Friday, January 7, 2011

It's Christmas for Orthodox Christians

*This post was revised and expanded on January 12th


Whereas the traditional Christmas greeting most of us are accustomed to hearing is "Merry Christmas," or in England, "Happy Christmas," I am told that those in the Orthodox branch of Christendom salute one another with, "Christ is Born: Rejoice!" I like that. It definitely contains more substance than simply "Merry Christmas," as it includes the reason to celebrate, or to "Rejoice." (It is also the title of a wonderful hymn.)

Another distinctive of the Eastern churches is that those who are on the "old calendar" celebrate the birth of Christ on a different day than those in the Western tradition. This is because their ecclesiastical year is based on the Gregorian, rather than the Julian, calendar. The Orthodox churches are generally classified into two categories, "Eastern" and "Oriental." Most of the divisions within these categories are along national lines,  thus we have Russian Orthodox, Greek Orthodox and so on. The Oriental Orthodox Christmas Eve is on January 6th, and some Armenian churches will celebrate Christmas on January 19th.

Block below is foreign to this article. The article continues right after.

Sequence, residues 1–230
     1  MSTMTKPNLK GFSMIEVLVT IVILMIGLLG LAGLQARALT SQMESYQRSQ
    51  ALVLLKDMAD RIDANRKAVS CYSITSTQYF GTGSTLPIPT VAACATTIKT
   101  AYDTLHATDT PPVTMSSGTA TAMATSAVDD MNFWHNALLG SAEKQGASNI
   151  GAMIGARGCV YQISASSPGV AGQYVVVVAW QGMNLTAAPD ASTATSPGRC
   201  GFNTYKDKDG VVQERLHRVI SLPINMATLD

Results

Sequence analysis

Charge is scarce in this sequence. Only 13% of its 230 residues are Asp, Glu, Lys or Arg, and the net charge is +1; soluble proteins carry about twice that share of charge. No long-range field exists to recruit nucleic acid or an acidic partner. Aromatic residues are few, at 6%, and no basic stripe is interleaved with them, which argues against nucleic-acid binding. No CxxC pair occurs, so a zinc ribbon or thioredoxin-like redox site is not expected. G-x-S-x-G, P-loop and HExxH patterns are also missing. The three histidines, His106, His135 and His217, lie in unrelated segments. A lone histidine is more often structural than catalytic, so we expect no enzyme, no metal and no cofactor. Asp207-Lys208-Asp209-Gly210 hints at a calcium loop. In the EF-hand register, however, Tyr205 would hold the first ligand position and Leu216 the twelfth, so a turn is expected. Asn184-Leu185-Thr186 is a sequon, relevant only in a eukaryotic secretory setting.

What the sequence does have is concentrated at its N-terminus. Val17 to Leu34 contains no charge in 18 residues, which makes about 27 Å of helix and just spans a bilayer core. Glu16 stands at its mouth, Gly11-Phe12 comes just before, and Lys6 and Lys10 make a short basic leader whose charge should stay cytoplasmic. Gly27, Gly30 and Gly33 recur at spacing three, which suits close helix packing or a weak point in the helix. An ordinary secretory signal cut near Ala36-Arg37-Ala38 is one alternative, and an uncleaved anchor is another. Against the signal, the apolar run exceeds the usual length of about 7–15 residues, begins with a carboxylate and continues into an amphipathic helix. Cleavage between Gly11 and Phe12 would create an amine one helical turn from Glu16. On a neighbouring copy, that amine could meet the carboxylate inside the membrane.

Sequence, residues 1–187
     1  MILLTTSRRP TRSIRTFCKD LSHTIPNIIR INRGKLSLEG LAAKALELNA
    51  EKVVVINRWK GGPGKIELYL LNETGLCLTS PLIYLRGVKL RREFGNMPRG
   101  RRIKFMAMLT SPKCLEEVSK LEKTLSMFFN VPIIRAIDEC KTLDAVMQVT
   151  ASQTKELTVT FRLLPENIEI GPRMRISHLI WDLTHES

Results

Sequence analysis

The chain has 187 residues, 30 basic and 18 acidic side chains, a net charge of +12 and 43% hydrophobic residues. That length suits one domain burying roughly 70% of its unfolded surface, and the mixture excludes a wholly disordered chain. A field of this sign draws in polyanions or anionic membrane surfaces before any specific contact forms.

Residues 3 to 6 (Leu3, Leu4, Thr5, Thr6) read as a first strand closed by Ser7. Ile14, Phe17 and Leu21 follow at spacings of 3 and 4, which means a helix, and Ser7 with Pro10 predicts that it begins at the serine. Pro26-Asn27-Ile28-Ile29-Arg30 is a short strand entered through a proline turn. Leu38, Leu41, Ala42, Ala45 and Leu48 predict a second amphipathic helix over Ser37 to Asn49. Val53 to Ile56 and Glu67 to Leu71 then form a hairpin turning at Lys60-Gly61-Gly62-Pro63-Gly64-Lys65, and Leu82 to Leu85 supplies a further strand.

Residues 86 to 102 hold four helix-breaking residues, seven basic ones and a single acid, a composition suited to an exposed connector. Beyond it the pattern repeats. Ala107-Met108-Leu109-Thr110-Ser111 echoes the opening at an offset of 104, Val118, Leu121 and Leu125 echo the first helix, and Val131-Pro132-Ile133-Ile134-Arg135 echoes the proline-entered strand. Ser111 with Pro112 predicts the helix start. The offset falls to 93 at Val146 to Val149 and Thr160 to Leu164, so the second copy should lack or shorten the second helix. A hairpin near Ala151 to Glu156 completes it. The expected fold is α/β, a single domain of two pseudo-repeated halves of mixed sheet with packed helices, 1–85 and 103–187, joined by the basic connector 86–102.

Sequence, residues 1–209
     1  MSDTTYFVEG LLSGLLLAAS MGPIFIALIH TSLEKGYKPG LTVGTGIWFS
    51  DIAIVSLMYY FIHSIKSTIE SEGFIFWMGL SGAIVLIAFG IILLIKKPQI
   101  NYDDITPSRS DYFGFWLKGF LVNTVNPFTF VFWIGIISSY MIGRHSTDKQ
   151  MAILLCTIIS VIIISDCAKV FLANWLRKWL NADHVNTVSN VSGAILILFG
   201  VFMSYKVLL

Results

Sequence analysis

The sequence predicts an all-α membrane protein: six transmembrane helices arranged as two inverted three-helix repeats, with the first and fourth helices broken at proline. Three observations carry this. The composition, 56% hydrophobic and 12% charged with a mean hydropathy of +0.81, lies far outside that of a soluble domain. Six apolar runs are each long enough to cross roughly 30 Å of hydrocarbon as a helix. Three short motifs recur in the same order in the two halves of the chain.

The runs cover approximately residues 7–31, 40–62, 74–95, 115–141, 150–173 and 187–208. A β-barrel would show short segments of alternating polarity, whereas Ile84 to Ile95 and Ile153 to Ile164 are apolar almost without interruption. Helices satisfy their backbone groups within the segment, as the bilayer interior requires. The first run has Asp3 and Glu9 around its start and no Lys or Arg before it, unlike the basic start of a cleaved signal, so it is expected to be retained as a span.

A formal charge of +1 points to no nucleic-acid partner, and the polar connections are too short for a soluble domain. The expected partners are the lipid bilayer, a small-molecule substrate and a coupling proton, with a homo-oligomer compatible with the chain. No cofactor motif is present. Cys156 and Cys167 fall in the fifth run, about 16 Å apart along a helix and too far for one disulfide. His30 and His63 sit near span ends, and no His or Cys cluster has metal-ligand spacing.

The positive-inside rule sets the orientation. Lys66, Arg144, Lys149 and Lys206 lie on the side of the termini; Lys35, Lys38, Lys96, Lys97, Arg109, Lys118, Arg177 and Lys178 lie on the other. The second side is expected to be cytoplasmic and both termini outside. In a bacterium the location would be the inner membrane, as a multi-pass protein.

The Oriental churches are far fewer in number, but  include the historically significant Coptic church in Egypt and the Ethiopian Orthodox church, said to be the two oldest churches on the African continent. The Coptic Church in Alexandria traces it's founding to St. Mark and and counts Dionysius, Clement, Origen and Athanasius among its "theological ancestors," while the church in Ethiopia traditionally traces it beginnings to the "Ethiopian eunuch"  (Acts 8:26-38) who brought the gospel that he heard from Philip the evangelist. However, it was not until the fourth century that the church was officially established after the country had been evangelized by Frumentius and Edesius of Tyre. They had first been taken as prisoners to Abyssinia, and later set at liberty, using their freedom to preach the Gospel.


Today the Coptic churches (in Europe, as well as in Egypt) are the targets of Radical Islamic jihadists, who have vowed to "destroy the cross" by blowing up churches, especially when they are full of worshippers during Christmas services. Some observers see this as part of a more extensive enterprise involving other Christian churches as well as Jews. The jihadists first want to see how the West reacts to the bombings. See the article on the Cranmer blog:

Here are some excerpts from that post:

[T]he strategy appears to be to intimidate the West through the targeting of this pre-Arab, pre-Islamic Christian group which has sought refuge from the Islamic world. The Islamists are essentially testing the soft underbelly of the beast. When apathy and indifference are established, they will doubtless escalate their jihad and turn on other Christian groups...

...[T]he Copts are not only being threatened in Germany: the inexorable Islamist jihad is also spreading through the Netherlands, with Coptic churches in Italy, France, Austria, Sweden and the UK also being targeted.

...To their credit, the three largest Muslim organisations in the Netherlands have called on Muslims to protect Coptic Churches in Eindhoven, Amsterdam and Utrecht.

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